How to Use Information Technology Effectively to Achieve Business Objectives

How to Use Information Technology Effectively to Achieve Business Objectives

Antonio Goncalves (Trás-os-Montes University, Portugal), Natália Serra (Polytechnic Institute of Setúbal, Portugal), José Serra (OLISIPO, Portugal) and Pedro Sousa (Instituto Superior Técnico, Portugal)
DOI: 10.4018/978-1-61350-456-7.ch102
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In this chapter the authors show, by using a case study, how it is possible to achieve the alignment between business and Information Technology (IT). It describes several phases of project development, from planning strategy, enterprise architecture, development of businesses supporting tools and keeping dynamic alignment between the business and the IT. The authors propose a framework, framed under an enterprise architecture that guarantees a high level of response to the applications development or configuration as improves its alignment to business by solving some limitations of traditional software development solutions namely: difficulty in gathering clients requirements, which should be supported by the applications; difficulty to connect the organisation processes used to answer the client, which must also be integrated in the applications and the difficulty to develop the applications that can follow the business cycle. To test the approach, this was applied to a real case study consisting in the configuration of an application that manages the relationship with the clients.
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The use made by the IT is recognised as crucial to the good performance of an organisation (Laudon, K., & Laudon, J., 2009). Different factors have been promoting and conditioning the changes on the IT namely (Spewak, S., 1993), (Henderson, J. C., & Venkatraman, N., 1993): minor duration of the company’s business cycle; markets globalisation and group activities, competition and technologies revolution. Pressure for changing (Figure 1) may occur due to different reasons. For the new IT to be efficient, their development must be done in an organised way. The strategy of change of the IT must be consistent with the business strategy. This is the only way to justify the investments on IT (Amor, D, 2001) (Maes, R., 2000).

Figure 1.

Alignment between business and IT


The framing of new technologies in the business offers great possibilities for the organisations that are able to benefit from the advantages of their use but it also means challenge to the IT management as the organisations become more dependent on them and their management specificity. In this complex scenario, the challenge means to identify the risks and the benefits that the IT represents to the organisation targets. In principle aspects, which are always present, are identified (Lankhorst, M., 2009): administrative automation, rationalization of means and processes remodelling.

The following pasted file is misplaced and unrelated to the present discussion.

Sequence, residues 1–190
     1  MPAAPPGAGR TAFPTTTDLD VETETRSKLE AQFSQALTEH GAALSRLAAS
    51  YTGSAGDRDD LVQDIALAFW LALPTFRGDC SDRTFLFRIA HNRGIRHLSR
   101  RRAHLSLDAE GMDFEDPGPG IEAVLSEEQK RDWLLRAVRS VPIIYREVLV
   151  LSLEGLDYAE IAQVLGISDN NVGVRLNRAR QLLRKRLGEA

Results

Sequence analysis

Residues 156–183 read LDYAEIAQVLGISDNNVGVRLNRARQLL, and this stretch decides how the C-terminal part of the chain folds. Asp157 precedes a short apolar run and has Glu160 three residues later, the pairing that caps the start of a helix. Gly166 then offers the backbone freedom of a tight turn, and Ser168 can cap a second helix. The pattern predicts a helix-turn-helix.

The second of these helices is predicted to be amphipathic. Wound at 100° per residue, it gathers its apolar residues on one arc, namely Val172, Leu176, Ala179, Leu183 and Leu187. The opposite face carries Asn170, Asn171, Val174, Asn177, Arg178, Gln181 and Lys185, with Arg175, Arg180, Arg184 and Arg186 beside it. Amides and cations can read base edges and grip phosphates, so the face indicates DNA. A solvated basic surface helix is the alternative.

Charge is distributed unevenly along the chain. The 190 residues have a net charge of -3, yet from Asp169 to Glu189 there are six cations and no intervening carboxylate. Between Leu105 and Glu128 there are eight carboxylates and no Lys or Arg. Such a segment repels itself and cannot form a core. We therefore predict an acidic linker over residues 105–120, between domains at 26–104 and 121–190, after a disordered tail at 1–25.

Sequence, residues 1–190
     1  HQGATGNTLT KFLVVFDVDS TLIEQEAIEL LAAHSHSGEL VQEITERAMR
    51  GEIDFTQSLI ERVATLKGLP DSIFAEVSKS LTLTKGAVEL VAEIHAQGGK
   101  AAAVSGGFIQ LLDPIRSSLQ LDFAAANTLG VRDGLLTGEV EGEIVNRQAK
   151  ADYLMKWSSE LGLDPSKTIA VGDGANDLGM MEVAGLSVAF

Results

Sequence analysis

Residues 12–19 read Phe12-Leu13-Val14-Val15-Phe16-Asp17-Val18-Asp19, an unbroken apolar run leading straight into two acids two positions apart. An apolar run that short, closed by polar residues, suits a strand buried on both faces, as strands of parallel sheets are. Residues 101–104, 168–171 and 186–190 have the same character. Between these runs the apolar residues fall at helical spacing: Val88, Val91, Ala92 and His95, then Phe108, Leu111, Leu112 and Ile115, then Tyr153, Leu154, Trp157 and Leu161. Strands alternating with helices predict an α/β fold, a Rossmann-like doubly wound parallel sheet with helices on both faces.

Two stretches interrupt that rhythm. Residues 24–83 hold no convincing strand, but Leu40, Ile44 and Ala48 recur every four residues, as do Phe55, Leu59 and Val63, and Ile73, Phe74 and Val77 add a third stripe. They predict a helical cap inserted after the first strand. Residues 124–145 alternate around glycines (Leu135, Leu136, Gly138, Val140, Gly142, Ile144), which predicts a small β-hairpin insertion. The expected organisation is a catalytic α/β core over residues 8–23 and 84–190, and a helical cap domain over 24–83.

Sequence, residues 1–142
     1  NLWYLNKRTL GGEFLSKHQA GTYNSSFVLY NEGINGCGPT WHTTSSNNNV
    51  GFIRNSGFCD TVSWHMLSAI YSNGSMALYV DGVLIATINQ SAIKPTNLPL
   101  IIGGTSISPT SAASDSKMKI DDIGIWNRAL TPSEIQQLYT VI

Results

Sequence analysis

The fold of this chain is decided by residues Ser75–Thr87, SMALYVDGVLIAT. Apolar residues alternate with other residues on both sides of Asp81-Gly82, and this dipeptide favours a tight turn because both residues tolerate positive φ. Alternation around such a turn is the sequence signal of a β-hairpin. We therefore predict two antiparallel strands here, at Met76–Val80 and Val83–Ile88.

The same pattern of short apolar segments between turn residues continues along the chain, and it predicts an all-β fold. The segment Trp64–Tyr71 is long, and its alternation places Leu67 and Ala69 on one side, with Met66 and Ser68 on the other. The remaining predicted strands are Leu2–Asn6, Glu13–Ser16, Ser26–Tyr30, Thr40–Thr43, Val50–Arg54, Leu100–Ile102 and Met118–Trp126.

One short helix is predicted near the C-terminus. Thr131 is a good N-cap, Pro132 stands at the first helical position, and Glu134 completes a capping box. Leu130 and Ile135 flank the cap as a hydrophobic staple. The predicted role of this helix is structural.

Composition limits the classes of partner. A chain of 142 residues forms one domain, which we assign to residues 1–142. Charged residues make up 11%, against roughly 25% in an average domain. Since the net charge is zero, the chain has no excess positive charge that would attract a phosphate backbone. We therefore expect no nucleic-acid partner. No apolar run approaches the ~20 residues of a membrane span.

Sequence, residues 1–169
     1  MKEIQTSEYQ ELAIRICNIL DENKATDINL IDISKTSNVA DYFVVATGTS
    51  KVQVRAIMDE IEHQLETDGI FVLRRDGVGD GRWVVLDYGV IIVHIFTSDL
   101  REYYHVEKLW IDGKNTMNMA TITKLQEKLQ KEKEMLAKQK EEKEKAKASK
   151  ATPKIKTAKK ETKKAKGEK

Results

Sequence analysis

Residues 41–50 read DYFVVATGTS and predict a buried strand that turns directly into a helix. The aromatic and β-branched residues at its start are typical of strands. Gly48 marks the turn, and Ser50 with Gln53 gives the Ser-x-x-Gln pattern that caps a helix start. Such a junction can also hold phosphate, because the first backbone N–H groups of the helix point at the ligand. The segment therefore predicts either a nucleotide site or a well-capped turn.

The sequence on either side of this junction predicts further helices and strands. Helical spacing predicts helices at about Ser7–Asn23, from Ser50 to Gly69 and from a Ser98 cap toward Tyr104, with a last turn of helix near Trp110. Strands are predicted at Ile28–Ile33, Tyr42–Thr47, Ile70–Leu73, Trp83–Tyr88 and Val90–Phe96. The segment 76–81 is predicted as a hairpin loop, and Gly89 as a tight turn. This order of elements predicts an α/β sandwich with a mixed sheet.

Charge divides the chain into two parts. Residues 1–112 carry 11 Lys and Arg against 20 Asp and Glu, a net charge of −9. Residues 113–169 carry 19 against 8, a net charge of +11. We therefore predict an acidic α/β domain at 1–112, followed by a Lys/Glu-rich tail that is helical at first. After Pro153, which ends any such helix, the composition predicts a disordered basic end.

The main challenge of this work consists in defining frameworks that permit aligning business strategies with applications. For such it was used a modified version of the Hochin Kanri Matrix where the CRUD table, which allows the alignment of the business with the Information Systems, is introduced. At last, to promote the development of the applications it is proposed the introduction of some principles that may assure the success of applications, namely (Reich, B., 2000): simplify; automate and integrate.

As such, we use an approach to the development of applications that enable a continuous and fast increase in opposition to more complex and more expensive solutions whose development is prolonged over the time and represents a major risk of failure.

These works follow the concepts: what is static alignment and dynamic alignment between business strategy and IT. In the formulation definition phase, the alignment is made just once and sets the components of business planning and the IT components. In the next development phase, the alignment often occurs by the use of revision and control of the execution methods of the plan components defined in the previous phase.

After having a tool that promotes the alignment between business and IT in the organisation it was noted that business demand to the IT increased, new development requested occurred and changes to the existing applications. This is due to the IT exposition. In fact, the requests always existed but only now are justified and supported by a strategy and an alignment control model: the need for new applications development is based upon the trust the models give to those requesting them: the business or the infra-structure of the organisation. All this implies an increase of pressure on the IT and consequently on the computing professionals that will be liable if the business doesn’t go as expected. The way a business specification, which must be supported by applications, is communicated as well as their framing on the company processes have now an important role in the IT development. Two important questions arise: How is it possible to realize an organization and how is possible to implement an enterprise?

By realization it is understood the integration of the following demands: the demand of the costumer that is what he expects from the organization; the interaction of the client with the organisation collaborators and finally the mapping of behaviour and information in the application components.

By implementation of Organization it is understood the making of the operation by means of technology.

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